The Martin Independence

It used to be that Martin had a wide range of recurve bows with a variety of different designs. They made very pretty bows like the Martin Dream Catcher, the Gail Martin, the X-150 / X-200, and so forth. Just Google "Martin Dream Catcher" and see how pretty that bow is and you will understand why some of the older models are arguably better when it came looks.

But all of those models have been discontinued, leaving only the more popular models like the Martin Hunter and Martin Mamba, for which they have jacked the prices up to $630 USD for the Hunter and $600 for the Mamba...

Now keeping in mind the Martin Mamba and Martin Hunter are widely regarded to be two very good bows for their price range, which might explain why Martin has been jacking up their prices in recent years. If they cannot meet the demand because it is so popular, it is time to raise prices.

The Martin Independence (shown on the right) however is basically one of the cheaper models now available, for $400 USD, and it is a very pretty bow.

Stylistically it is similar to a Martin Mamba, but without certain design features that make the Mamba more time consuming and expensive to make.

That was the whole principle behind the old X-200 and X-150 models. They were faster and cheaper to make because the designs were simpler.

However $400 seems like a steep price to pay for the bow, especially when you can go on eBay and buy an older X-150 or X-200 for considerably less. Remember my comments up above about the Ford F-150? Well the Martin X-150 / X-200 was basically Martin's answer to what archers needed: An inexpensive recurve bow that was well made and lasts a long time.

Yesterday I met up with two people who both had X-200s and I joked that I should buy one too and we could start a X-200 Owners Club. Ha!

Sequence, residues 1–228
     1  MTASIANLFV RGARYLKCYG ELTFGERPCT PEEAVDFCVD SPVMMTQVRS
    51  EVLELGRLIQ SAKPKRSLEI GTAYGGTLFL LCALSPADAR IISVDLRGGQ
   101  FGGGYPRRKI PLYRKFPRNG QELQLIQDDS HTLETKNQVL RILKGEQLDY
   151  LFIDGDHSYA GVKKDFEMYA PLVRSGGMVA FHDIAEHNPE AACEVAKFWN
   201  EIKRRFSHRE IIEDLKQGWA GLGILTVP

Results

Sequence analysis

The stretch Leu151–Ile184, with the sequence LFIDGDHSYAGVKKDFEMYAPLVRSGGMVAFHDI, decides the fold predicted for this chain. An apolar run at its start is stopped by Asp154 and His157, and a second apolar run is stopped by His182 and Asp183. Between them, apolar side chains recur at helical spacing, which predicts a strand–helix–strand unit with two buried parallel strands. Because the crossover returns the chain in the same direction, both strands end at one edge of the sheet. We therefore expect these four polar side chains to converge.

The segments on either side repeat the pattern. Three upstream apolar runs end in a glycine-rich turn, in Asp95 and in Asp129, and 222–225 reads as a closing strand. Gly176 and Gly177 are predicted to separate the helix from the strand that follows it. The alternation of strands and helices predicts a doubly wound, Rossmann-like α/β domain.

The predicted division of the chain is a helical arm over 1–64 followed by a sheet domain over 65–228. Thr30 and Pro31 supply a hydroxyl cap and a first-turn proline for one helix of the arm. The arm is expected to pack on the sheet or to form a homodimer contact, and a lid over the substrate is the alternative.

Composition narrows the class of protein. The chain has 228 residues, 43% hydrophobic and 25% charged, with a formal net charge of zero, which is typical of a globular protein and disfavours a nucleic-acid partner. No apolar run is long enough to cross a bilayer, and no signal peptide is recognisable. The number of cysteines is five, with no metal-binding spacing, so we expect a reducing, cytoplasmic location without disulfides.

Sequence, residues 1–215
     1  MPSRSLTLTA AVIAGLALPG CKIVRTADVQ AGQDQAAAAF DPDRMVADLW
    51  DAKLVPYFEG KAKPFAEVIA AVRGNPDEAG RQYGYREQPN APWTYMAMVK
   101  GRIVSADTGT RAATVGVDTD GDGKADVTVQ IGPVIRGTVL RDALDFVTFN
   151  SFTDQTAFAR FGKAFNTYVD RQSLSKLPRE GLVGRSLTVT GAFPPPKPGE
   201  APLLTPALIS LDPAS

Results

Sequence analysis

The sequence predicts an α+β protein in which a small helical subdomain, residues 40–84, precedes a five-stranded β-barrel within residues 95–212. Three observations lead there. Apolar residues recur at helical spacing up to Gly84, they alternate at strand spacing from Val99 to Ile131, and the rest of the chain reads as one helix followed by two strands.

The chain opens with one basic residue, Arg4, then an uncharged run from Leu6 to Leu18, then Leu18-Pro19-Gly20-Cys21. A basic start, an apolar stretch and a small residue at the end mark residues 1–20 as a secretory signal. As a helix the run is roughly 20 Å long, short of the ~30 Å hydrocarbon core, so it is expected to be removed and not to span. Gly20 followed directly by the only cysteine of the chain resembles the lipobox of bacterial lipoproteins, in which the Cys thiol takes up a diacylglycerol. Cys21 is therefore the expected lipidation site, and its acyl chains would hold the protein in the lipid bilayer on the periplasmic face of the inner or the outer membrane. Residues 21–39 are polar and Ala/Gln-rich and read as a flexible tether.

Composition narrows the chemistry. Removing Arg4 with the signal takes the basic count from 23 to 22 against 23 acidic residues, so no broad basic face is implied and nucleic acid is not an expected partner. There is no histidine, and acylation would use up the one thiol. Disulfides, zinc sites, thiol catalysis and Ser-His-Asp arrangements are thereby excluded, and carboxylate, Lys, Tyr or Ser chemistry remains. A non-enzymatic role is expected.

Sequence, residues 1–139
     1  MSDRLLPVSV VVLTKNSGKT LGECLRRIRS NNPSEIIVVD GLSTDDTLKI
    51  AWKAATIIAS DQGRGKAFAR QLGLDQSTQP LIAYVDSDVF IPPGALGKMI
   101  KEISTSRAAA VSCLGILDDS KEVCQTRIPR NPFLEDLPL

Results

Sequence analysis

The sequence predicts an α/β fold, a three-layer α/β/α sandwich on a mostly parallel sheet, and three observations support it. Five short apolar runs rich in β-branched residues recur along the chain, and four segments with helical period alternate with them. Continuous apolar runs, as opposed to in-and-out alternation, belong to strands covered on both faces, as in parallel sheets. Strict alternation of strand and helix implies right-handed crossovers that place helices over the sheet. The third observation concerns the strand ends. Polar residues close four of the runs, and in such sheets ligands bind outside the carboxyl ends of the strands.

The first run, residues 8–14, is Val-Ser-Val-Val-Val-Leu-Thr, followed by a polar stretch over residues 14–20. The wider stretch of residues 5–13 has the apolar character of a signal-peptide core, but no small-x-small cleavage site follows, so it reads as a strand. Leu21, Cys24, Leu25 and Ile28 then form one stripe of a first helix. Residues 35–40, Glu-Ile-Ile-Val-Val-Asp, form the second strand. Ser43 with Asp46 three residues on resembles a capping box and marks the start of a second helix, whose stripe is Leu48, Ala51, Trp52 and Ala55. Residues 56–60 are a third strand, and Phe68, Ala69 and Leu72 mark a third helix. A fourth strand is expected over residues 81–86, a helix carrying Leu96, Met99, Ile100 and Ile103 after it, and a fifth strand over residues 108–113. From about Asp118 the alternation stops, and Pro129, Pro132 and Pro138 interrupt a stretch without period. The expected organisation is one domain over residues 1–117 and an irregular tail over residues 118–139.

Browsing eBay can be an excellent way to get a nice quality bow for significantly less than what you would pay for a brand new one. However there are downsides. Finding the poundage you want will be much trickier, the bow may not be in mint condition and have problems, and lastly other people be bidding against you - which can inflate the price and you could end up in a bidding war. So buyer beware.



Note - Now this is not a complete list of manufacturers available. Bear, Martin, PSE, Samick are just a handful of the more popular companies available out there. They are the Fords, GMCs, and Chryslers of the archery world. I haven't even touched on European manufacturers like Ragim, Border Archery, etc. I also limited myself mostly to the so-called traditional style recurves, the ones that are more ideal for beginners due to their price range. I ignored the proverbial Ferrari, Maserati and Lamborghini type companies, because frankly those are out of the price range of most people (see the brief mention of Blacktail Bows below).



CONCLUSIONS: A recurve bow is a recurve bow is a recurve bow...

There are obvious huge price differences mentioned above, from the $150 CDN Samick Sage, to the $630 USD Martin Hunter. The sky is the limit when it comes to how much a person is willing to spend on a bow.

A quick tour of blacktailbows.com for example will make your jaw drop at the artistry of some truly exquisite and beautifully decorated bows. Their bows don't sell for mere hundreds, they are thousands of dollars each. See the image on the right to see what I mean.

And then there are antique bows or rare bows that belong in a museum, in which case they can become well nigh priceless.

But if the sky is the limit, how do you know which bow is right for you?

Honestly, you don't. It is like going to the dog pound and trying to pick out a puppy. You don't know which puppy is the right puppy for you, you just pick one based on its size, shape and demeanor and hope it falls in love with you just as much as you fall with it.

Having a really beautiful bow like a Blacktail doesn't mean you are going to be more accurate with it. It is just as likely that the bow will end up decorating a wall and collecting dust, because your favourite bow will end up being the one you are most comfortable shooting with and you get the most enjoyment out of shooting.

Thus you won't necessarily know you've fallen in love with a particular bow until after you've shot it many times, perhaps even given it a name, and gotten very used to shooting it. If someone sees the bow, likes the looks of it and offers to buy it off you would you sell the bow that you love so much? Probably not.

It would be like selling man's best friend. You love that little guy. You take him everywhere with you. And when you find that bow you will never want to let it go. You may buy and collect other bows over time (I am up to 27 bows currently...), but the bows you love you will never sell.